As reported in the New York Law Journal, the New York State Court of Appeals 2019-2020 term produced noteworthy decisions clarifying: (1) claimants’ “50-H” attendance rights; and (2) out-of-possession landlord liability. In this post, we discuss both decisions.
May a Co-claimant attend a 50-H Hearing?
As a condition precedent to filing a lawsuit against the City of New York, claimants must first file a “notice of claim” and submit to, if requested, an oral examination (a 50-H hearing) under General Municipal Law (GML) Section 50-H. In Colon v. Martin, 35 N.Y.3d 75 (2020), the court addressed whether a co-claimant has a right to attend a 50-H Hearing. Upon analyzing the statute’s construction, the Court of Appeals said no, with harsh results for the claimants.
In the Colon matter, a vehicle operated by an employee of the defendant, the City of New York, rear-ended claimants’ car. Following claimants’ service of a notice of claim, the City served distinct demands for a 50-H hearing upon each claimant. The claimants appeared together, and their attorney insisted they each be in attendance for both 50-H hearings. When the City’s attorney refused, the claimants declined to move forward with the pre-suit oral examination. They then proceeded to file their summons and complaint. Ultimately, plaintiffs’ counsel moved for summary judgment on liability. Defendant City cross-moved to dismiss for failure to comply with GML Section 50-H. The Supreme Court granted defendant’s cross-motion, and the Appellate Division affirmed, holding that non-compliance with Section 50-H barred the action.
On appeal to the New York Court of Appeals, plaintiffs/appellants argued the right to be present at each other’s 50-H oral examination, noting that the language of Section 50-H allows a claimant to have a relative or any other person present at a physical exam. The court, affirming the dismissal, ruled that under “well-established rules of statutory construction, the language of the statute permitting the presence of a third person only applied to physical examinations and not 50-H hearings.” The plaintiffs, therefore, had no justification at law for refusing to attend the 50-H oral examination.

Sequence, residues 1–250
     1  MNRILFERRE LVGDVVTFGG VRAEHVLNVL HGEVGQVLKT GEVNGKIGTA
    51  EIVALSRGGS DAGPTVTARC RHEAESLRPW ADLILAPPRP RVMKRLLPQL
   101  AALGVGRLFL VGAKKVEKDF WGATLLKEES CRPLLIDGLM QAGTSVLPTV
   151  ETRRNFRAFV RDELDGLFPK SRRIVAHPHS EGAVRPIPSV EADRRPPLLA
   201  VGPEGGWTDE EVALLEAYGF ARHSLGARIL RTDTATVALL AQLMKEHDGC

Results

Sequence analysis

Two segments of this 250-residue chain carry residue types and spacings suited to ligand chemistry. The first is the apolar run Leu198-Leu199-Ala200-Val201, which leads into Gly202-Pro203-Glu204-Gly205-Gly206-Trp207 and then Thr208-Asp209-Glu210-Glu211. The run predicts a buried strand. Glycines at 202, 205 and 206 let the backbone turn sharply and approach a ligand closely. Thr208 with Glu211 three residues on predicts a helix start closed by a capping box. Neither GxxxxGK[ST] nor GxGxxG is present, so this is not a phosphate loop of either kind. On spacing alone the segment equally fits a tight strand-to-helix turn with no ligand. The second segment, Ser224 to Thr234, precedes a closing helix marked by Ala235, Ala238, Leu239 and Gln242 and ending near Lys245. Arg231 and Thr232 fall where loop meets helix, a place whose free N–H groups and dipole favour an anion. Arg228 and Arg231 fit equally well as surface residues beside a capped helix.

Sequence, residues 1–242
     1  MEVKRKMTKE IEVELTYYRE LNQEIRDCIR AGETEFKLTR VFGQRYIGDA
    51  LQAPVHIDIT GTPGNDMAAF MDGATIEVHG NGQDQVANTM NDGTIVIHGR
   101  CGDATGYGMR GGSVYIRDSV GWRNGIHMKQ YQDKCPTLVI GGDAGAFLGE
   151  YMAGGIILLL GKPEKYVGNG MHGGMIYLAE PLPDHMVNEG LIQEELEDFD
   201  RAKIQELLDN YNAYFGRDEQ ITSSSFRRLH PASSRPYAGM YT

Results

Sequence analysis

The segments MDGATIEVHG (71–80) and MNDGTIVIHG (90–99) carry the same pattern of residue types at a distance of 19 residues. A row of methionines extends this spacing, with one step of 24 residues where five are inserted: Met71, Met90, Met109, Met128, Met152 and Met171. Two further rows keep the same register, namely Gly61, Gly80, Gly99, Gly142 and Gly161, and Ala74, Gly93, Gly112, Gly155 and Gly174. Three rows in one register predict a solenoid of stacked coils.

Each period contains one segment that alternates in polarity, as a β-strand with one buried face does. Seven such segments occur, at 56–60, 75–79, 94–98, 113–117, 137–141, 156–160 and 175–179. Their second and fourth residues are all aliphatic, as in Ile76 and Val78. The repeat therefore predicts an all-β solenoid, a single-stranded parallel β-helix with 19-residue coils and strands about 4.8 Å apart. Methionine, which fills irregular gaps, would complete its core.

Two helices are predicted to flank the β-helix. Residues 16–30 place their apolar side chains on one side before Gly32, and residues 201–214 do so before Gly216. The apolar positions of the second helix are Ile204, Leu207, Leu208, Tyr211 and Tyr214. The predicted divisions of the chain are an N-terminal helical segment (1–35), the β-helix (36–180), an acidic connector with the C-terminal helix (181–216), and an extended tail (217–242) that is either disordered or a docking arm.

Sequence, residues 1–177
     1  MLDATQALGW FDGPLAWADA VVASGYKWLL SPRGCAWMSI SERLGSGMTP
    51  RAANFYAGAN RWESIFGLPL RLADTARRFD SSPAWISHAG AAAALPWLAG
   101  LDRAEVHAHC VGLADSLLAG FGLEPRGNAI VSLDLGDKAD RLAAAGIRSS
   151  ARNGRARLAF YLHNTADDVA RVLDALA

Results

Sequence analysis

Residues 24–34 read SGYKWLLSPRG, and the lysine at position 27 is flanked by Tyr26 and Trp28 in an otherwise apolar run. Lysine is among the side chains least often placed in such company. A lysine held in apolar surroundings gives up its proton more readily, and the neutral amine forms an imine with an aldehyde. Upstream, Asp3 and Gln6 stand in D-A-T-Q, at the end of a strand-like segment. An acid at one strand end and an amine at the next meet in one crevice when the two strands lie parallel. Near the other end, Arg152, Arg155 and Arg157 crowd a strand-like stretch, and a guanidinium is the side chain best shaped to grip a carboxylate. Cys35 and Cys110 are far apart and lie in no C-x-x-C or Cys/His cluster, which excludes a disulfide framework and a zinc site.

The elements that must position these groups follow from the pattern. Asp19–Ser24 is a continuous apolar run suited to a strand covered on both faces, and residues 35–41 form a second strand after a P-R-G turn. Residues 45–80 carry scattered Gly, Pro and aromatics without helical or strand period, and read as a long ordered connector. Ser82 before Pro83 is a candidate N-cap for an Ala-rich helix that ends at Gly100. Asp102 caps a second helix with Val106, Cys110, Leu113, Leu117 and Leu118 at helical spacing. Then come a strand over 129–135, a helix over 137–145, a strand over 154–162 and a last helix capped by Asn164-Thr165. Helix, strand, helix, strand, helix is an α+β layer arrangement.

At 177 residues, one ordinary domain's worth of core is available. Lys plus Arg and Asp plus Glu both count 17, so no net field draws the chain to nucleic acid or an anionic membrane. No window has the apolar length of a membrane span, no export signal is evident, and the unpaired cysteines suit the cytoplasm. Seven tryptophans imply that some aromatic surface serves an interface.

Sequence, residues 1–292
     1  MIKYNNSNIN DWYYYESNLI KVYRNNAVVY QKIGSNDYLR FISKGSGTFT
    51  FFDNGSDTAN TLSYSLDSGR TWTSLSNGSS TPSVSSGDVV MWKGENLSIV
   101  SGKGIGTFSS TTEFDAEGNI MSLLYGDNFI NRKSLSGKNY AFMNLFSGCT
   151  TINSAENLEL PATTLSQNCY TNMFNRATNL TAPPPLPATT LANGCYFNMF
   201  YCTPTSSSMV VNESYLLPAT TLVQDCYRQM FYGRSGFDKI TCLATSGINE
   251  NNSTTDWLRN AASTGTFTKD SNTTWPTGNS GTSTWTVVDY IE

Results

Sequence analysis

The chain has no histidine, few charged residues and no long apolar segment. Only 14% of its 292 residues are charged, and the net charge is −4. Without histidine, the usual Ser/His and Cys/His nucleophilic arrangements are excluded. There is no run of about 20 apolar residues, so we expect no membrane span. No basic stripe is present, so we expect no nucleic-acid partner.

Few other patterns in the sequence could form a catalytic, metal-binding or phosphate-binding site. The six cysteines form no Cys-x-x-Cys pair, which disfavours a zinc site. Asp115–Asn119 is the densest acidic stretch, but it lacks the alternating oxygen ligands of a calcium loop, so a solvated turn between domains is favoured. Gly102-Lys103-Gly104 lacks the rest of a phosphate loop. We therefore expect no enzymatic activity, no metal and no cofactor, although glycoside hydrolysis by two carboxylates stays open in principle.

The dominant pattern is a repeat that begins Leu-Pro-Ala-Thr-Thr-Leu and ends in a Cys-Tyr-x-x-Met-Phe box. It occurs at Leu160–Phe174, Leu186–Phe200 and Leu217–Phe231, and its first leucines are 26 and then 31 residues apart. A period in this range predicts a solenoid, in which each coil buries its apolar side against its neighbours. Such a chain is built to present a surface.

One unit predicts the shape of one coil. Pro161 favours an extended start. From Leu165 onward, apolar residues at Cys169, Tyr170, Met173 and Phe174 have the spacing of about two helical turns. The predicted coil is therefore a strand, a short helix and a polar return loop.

Out-Of-Possession Property Owners’ Liability
New York follows the common law rule that “an out-of-possession landlord who contracts away responsibility for maintenance of their property does not assume liability for breach of that duty.” In Xiang Fu He v. Troon Management, Inc., 34 N.Y.3d 167 (2019) the Court Of Appeals resolved a conflict between the common law rule and a provision of the New York City Administrative Code.
In Xiang, the plaintiff slipped and fell on ice on a public city sidewalk abutting the defendants’ property. The defendants had previously leased the property to the plaintiff’s employer, who agreed to maintain the sidewalk under the lease. NYC Administrative Code 7-210 obligates property owners to keep their property in a reasonably safe condition, thus conflicting with the common law rule.
The defendants moved for summary judgment, claiming Section 7-210 does not apply to out-of-possession landlords relying on the common law rule. Following the trial court’s dismissal of plaintiff’s action, the Appellate Division reversed, agreeing with the defendants’ common law argument.
On higher appeal, however, the Court of Appeals held in a unanimous opinion, that the “clear and unambiguous language of Section 7-210 imposes a non-delegable duty on non-exempt property owners (such as the defendant) to maintain the abutting sidewalk in a safe condition.” The court analyzed the legislative intent of the statute. It held that, while certain classes of properties are exempt from Section 7-210’s reach, the legislature made no distinction between possession and out-of-possession owners. As the defendants’ property was non-exempt, Section 7-210 applied, and the defendants were ultimately held liable.
We’ll continue to highlight new case law from New York and other states across the country in future posts.